“As has been said, 10%+ of LibDem “leftish” votes have been lost (Mr Clegg appeared not to have any use for them any more!). There can be little doubt that those votes are going straight to Milliband’s Labour. ”

    I would probably fall into the 10% of leftish votes that have currently been lost, although that is on the national stage I have no problem with what the Lib Dems have achieved / tried to achieve in either the european or local government spheres. Clegg has a long way to go to convince me to lend my vote again, but at this point Milliband probably has even further. As the other viable alternatives have attitudes and policies I will never reconcile myself with, my vote is currently lost.

    I would say that Labour have made two fundamental mistakes since 2010. The first is their choice of leader, rightly or wrongly leadership charisma is a key element in our political system and he is seen by the general public to lack it. Secondly, they have assumed that they will mop up all those disaffected Lib Dem voters due to issues such as secret courts, tuition fees etc. The problem is those of us who are old enough to have voted in a few elections remember who told us there would be no top up fees, who were the party of ID cards and detention without charge.

    The Lib Dems have lost a lot of trust with a good number of those who voted for them in 2010, but Labour have not created a place in either policy of trust terms to gain those votes, or certainly not all of them.

  • Paul in Twickenham 25th Sep '13 - 10:06am

    The proposal to freeze energy prices will – correctly – play well to a public that is shortly to see a 10% hike in gas prices (imminently to be announced by British Gas and of course the others will quickly follow) for which there is no justification other than blatant profiteering . Do the FSA/OFGEM genuinely believe that the energy companies aren’t operating a cartel?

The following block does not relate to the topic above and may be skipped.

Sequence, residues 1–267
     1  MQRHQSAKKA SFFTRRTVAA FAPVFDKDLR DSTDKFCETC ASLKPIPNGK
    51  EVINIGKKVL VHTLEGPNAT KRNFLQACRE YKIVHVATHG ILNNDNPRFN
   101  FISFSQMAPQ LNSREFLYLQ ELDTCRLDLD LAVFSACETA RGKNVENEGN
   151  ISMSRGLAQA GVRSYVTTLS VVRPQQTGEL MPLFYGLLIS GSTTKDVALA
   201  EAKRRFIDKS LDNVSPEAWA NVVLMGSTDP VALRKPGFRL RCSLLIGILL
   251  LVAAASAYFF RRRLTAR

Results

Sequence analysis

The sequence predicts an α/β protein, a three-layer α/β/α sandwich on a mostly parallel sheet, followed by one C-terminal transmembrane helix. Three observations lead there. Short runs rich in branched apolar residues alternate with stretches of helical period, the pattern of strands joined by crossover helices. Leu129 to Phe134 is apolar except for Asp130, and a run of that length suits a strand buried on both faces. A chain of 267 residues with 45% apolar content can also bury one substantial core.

Whatever the issues with Mr. Miliband’s proposal (and Jeremy Warner in today’s Telegraph does a good disection) the fact remains that we have an industry that holds us to ransom and where the “independent regulator” gives every impression of being toothless, or has drunk the koolaid, or both.

  • @Joe Otten

    The markets seem to have changed overnight..
    This from BBC at 10:30

    Centrica -3.40
    Drax Group -1.88
    National Grid +0.60
    Pennon Group -0.43
    Severn Trent +0.06
    SSE -3.35
    United Utilities Group -0.28

  • @Steve Way. You are perfectly correct in pointing out that Labour are quite capable of breaking election promises. I am not an apologist for the Labour Party. You are saying that Labour are less likely to get your vote than the LibDems. My feeling is that the majority of those ex-LibDem ‘lefty’ voters feel the opposite. As for Labour’s choice of Ed Milliband, only time will tell. However, he is beginning to ‘come across’ as a decent Social Democrat bloke – something Clegg and Cameron are most definitely not. There are many votes to be had from people who believe that they are being ripped off by big business (utility, financial, rail companies and so on). The LibDems and Tories stand resolutely on the side of big business; there is no doubt in my mind that if Milliband can convince voters that, in this area alone, he will act on behalf of consumers, he will be elected.

  • Jayne Mansfield 25th Sep '13 - 10:51am

    I haven’t spent time following the conference speeches of other parties but I watched this because Ed Miliband has been the subject of such horrendous criticism from both within and from outside his party, worse than that given to Nick Clegg.

    I watched a few Prime Ministers Question times before I became ashamed to do so. I found the lack of answers from the prime minister and the ritual humiliation of Mr Miliband by the bullying Prime Minister disgraceful. I felt cheap watching it. Some of the smirking Lib Dems on the front benches did themselves no favours either.